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29 May 2018

Transcript:   AMA President, Dr Tony Bartone, 3AW, Morning with Neil Mitchell,
Tuesday 29 May 2018

Subject:  E-cigarettes


NEIL MITCHELL:   I want to check on this e-cigarettes thing. A report in The Australian newspaper today that the incoming President of the Australian Medical Association has made his view clear that he doesn't want- they will not change their policy on e-cigarettes. They are opposed to them. Now, e-cigarettes, it's been argued, can help you get off the real cigarettes. The Cancer Council, in fact, says it's as indisputably less dangerous than real cigarettes, even if you are ingesting nicotine, because I don't think nicotine itself is carcinogenic, but it is addictive, no question about that. A lot of people are saying it's the way we should go. There's been federal committees looking at it, federal Parliamentary committees, all manner of things. The e-cigarettes, you ingest the nicotine through them, but you can't actually legally get the nicotine, you've got to order it offshore and there are all sorts of complications to it.

Dr Tony Bartone, good morning.

TONY BARTONE:   Good morning, Neil.

NEIL MITCHELL:   Why not?

TONY BARTONE:   Look, there's a number of reasons around it, and essentially it deals with the evidence around the efficacy to be used as a cessation aid for coming off smoking. In fact, a lot of the evidence coming through now is showing that actually all it does is defer or delay or even actually- the decision to actually come off cigarettes, and a lot of people go back to cigarettes while coming down to it. So, there's still a lot of work to be done on whether they really do help people get off smoking in the meantime. But yes, we don't deny that it is less dangerous than smoking the actual real cigarettes, but it's about normalising the whole behaviour.

NEIL MITCHELL:   So, if I'm going to smoke something, I'm better off smoking one of these than tobacco?

TONY BARTONE:   But I'd rather you weren't smoking at all, Neil.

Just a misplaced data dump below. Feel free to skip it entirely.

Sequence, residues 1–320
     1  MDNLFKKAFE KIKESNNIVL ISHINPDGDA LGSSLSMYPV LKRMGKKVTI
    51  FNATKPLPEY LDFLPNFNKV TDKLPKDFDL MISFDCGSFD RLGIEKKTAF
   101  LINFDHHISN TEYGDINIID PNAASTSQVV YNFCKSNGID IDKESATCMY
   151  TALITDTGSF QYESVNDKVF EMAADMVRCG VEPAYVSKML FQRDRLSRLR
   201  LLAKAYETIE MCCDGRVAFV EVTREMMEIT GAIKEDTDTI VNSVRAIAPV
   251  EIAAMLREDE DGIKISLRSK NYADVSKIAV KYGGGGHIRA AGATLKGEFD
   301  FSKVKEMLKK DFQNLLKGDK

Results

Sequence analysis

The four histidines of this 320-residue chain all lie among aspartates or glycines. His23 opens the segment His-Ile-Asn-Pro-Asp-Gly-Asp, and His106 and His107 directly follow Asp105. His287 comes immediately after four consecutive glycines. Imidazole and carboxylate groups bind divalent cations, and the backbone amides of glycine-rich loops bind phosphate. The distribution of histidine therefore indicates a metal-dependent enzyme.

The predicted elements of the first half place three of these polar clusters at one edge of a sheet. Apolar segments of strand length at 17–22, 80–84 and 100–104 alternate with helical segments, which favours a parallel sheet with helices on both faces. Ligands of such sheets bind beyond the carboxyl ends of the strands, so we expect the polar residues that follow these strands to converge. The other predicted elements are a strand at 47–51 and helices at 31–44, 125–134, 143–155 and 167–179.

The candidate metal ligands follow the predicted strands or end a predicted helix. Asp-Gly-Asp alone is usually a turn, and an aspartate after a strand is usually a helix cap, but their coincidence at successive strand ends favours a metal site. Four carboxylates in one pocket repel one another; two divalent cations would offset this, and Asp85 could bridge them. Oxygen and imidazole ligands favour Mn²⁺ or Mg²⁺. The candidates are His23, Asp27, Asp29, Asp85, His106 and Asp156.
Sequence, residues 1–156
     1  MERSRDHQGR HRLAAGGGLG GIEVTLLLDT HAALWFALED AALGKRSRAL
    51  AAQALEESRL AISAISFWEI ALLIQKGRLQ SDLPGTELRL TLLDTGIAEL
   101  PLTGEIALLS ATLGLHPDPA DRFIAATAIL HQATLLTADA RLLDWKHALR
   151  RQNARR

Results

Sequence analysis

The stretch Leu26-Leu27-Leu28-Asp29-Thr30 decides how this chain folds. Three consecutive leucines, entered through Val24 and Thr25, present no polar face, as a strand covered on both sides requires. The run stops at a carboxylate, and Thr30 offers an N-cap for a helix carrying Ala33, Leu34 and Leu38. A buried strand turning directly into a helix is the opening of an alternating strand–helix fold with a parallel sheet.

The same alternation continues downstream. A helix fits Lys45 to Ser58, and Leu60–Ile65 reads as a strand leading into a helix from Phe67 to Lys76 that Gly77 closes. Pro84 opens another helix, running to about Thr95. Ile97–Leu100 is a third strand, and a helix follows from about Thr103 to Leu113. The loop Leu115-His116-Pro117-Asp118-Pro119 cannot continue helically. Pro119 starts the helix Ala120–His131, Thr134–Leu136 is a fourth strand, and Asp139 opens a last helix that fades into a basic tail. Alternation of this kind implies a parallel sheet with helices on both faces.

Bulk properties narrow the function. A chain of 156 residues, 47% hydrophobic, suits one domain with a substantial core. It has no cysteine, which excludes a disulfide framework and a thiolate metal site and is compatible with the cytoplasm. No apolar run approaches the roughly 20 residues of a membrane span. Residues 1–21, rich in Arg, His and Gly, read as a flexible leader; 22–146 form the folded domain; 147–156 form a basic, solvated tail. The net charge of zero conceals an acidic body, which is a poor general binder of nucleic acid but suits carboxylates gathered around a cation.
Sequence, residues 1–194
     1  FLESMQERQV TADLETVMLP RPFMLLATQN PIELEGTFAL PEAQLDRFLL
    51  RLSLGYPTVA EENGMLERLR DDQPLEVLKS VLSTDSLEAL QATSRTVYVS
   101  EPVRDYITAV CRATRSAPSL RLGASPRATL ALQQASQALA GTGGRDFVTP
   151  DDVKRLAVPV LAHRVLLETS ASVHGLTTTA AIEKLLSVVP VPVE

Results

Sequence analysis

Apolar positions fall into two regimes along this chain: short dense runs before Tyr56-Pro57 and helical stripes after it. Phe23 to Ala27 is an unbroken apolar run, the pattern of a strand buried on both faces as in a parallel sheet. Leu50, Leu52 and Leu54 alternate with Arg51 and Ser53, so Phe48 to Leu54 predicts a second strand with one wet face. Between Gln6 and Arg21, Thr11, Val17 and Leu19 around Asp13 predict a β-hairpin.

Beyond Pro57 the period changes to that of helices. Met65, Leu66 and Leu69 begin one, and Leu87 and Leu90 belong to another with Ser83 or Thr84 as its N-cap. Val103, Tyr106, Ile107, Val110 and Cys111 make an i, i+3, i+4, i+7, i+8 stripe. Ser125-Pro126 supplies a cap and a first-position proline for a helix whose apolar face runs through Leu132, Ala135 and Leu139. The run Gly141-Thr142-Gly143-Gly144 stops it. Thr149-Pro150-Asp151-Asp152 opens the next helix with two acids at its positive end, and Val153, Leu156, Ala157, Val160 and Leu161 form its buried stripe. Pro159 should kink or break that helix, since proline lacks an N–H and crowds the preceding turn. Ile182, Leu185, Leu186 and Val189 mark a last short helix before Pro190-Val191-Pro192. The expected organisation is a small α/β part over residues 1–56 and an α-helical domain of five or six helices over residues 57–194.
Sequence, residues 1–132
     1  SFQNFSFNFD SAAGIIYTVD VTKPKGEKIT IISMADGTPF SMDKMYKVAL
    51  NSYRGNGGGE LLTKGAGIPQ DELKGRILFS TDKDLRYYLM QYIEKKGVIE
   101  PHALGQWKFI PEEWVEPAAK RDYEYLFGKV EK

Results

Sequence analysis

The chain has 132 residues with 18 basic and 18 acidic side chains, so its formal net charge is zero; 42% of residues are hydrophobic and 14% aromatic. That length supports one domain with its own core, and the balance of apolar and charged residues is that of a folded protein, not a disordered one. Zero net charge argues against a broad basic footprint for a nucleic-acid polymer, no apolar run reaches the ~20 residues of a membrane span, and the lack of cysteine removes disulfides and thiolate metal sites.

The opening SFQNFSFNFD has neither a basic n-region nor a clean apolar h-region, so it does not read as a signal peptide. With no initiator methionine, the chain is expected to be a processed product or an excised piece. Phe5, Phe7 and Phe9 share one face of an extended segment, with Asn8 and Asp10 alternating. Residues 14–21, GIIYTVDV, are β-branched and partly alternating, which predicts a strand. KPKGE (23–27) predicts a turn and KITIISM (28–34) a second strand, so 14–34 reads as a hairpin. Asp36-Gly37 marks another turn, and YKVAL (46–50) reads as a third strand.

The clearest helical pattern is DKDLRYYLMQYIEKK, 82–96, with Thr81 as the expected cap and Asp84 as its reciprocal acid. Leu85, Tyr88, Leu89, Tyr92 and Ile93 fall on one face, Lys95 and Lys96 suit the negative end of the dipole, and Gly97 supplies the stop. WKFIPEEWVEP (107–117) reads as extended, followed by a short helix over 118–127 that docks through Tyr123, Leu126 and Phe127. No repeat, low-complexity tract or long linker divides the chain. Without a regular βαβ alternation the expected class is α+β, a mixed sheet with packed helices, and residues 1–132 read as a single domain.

NEIL MITCHELL:   No, of course, of course and I agree with you.

TONY BARTONE:   And it's about the message. This also encourages- it encourages- it sort of glamorises the actual act of smoking, and it acts as an attraction to young teenagers coming through. We've had a really successful campaign to reduce the level of smoking in this country. We're down to almost 12 per cent or just under and that's from, you know, 20 per cent plus a couple of decades ago.

NEIL MITCHELL:   So you're saying that the e-cigarettes legitimise smoking?

TONY BARTONE:   Yeah, it normalises the act of smoking and almost glamorises it to the young population coming through. And really that's the message. It's as much a message of: we don't know what the harms are of smoking the vapour, inhaling the vapour. We don't know whether it works as a cessation aid fully, and we don't- also, the subliminal messages, the appearance of actually smoking and glamorising the whole behaviour of lighting up. So really, there's a number of reasons and we say: let's see the evidence, let's see the proof. When and if that comes through, yeah, obviously- all our Position Statements predicated on research, and the best reliable research available at the time.

NEIL MITCHELL:   Is that research being done anywhere?

TONY BARTONE:   Look, it's been published all around. I don't have anything specifically to hand at the moment [indistinct].